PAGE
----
FAA says Santa Monica Airport must stay open until 2023
The Federal Aviation Administration ruled Friday that Santa Monica Airport must stay open at least until 2023 — a decision that could frustrate the city’s efforts to reduce flight operations and then shut down the historic facility in the near future.
Santa Monica elected officials and anti-airport activists insist that the airport can be closed well before 2023 because, they say, all obligations to the federal government already have expired. Some have even claimed it could have been shuttered earlier this year, ending what they contend are the airport’s noise, pollution and safety hazards.
The ruling could set the stage for several rounds of appeals to the FAA as well as federal lawsuits that could determine the fate of the airport, which was once home to Douglas Aircraft Co. and used by the U.S. government during World War II. Today, almost 270 civilian aircraft are based there, including those of actors Harrison Ford and Tom Cruise. More than 300 takeoffs and landings take place daily.
“I am gratified to hear the news. They ruled as I expected,” said John Jerabek, a board member of the Santa Monica Airport Assn., a group of pilots, airport tenants and plane owners who want to keep the facility open. “It just shows that the city has to keep the promises it has made to the nation after World War II.”
The decision stems from a complaint filed with the FAA in July 2014 by Ford, other airport tenants and national aviation groups that want to keep the airport open, such as the Aircraft Owners and Pilots Assn. and the National Business Aviation Assn.
The group argued that the August 2003 grant extended the expiration date of a previous grant from June 2014 to August 2023. Grant terms usually expire after 20 years.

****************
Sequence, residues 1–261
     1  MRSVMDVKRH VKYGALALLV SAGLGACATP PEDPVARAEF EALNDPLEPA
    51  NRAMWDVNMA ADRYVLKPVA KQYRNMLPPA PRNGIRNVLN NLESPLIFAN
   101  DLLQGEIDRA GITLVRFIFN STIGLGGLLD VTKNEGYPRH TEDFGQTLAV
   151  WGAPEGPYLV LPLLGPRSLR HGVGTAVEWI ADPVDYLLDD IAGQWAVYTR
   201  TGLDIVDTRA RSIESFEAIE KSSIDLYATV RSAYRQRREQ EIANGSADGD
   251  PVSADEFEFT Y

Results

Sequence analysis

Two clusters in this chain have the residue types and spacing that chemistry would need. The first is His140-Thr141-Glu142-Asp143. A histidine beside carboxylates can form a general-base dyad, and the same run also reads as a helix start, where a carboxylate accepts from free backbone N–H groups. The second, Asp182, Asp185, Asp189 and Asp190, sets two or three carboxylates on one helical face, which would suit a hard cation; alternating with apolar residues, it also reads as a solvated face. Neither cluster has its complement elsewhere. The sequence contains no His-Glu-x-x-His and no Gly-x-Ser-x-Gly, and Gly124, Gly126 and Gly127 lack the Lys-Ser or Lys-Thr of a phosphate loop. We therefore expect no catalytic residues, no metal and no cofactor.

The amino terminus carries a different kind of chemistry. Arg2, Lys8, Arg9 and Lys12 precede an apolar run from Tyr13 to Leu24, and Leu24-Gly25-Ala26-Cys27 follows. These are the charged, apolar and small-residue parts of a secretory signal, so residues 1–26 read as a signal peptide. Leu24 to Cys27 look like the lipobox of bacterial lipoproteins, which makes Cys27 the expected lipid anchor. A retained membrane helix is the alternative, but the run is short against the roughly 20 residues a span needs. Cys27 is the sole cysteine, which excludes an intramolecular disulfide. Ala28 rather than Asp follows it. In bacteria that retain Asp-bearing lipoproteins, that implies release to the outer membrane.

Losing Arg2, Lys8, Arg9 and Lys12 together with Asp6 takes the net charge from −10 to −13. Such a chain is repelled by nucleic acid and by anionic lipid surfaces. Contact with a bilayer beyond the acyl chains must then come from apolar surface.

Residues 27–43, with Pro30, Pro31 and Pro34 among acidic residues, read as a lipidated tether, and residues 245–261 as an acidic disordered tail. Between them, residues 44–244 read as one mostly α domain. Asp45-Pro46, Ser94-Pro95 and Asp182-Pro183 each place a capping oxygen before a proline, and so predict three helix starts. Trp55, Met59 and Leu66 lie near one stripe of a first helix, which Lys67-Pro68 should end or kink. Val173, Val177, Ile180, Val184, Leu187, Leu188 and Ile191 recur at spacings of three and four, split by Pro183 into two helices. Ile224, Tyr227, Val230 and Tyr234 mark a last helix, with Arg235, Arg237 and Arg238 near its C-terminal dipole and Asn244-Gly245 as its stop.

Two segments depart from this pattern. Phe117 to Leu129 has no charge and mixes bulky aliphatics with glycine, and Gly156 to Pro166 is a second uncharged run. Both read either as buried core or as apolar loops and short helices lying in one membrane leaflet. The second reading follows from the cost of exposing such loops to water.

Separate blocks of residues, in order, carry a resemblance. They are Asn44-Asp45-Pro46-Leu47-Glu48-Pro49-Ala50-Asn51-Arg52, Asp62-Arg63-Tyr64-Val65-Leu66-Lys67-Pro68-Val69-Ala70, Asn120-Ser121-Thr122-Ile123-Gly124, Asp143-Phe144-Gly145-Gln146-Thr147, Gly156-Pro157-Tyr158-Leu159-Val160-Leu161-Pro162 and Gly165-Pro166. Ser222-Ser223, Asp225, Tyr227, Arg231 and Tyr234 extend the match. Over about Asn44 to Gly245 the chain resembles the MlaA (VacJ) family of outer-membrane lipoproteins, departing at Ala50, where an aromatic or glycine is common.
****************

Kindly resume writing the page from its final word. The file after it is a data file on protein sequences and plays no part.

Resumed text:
The city contended that the grant requirements expired on June 29, 2014, 20 years after the original $1.6-million grant was received. In effect, the additional $240,600 was simply an amendment to the original grant and did impose any new terms, the city said.
Santa Monica Deputy City Atty. Ivan Campbell, who handles airport matters, declined to comment on the decision, saying he has not yet met with city officials to discuss the ruling or whether to appeal the decision.
Mayor Kevin McKeown said, however, that the ruling means the city must appeal to the agency for additional hearings and endure more delays before “we can get the matter fairly adjudicated outside of the FAA’s own tightly controlled administrative processes.”
“Unending bureaucratic review is no answer to Santa Monica’s immediate safety and pollution concerns regarding the airport and the land we own,” McKeown added.
Attorney Richard Simon, who represents the airport tenants and national groups, said the ruling could slow the city’s so-called starvation strategy for the airport that includes proposals to reduce the size of the runway, scale back flight operations, limit fuel sales, eliminate flight schools and regulate exhaust emissions from aircraft.
Frank Gruber, an anti-airport activist and advocate of turning the airport into a park, said the ruling is not a setback for the effort to close the airport but an important step to get the matter into federal court, where the dispute can finally be resolved.
Huffman’s decision also is a rejection of the positions of Reps. Ted Lieu (D-Torrance) and Karen Bass (D-Los Angeles), who have been urging the FAA to allow the city to shut down the airport.
“I am extremely disappointed the FAA decided to rule against the city of Santa Monica,” Lieu said. The grant “clearly stated that the city’s obligations ended 20 years after the grant’s enactment in 1994, meaning it should have expired in 2014. The FAA has overreached in forcing its will onto the city of Santa Monica, and my constituents deserve better.”
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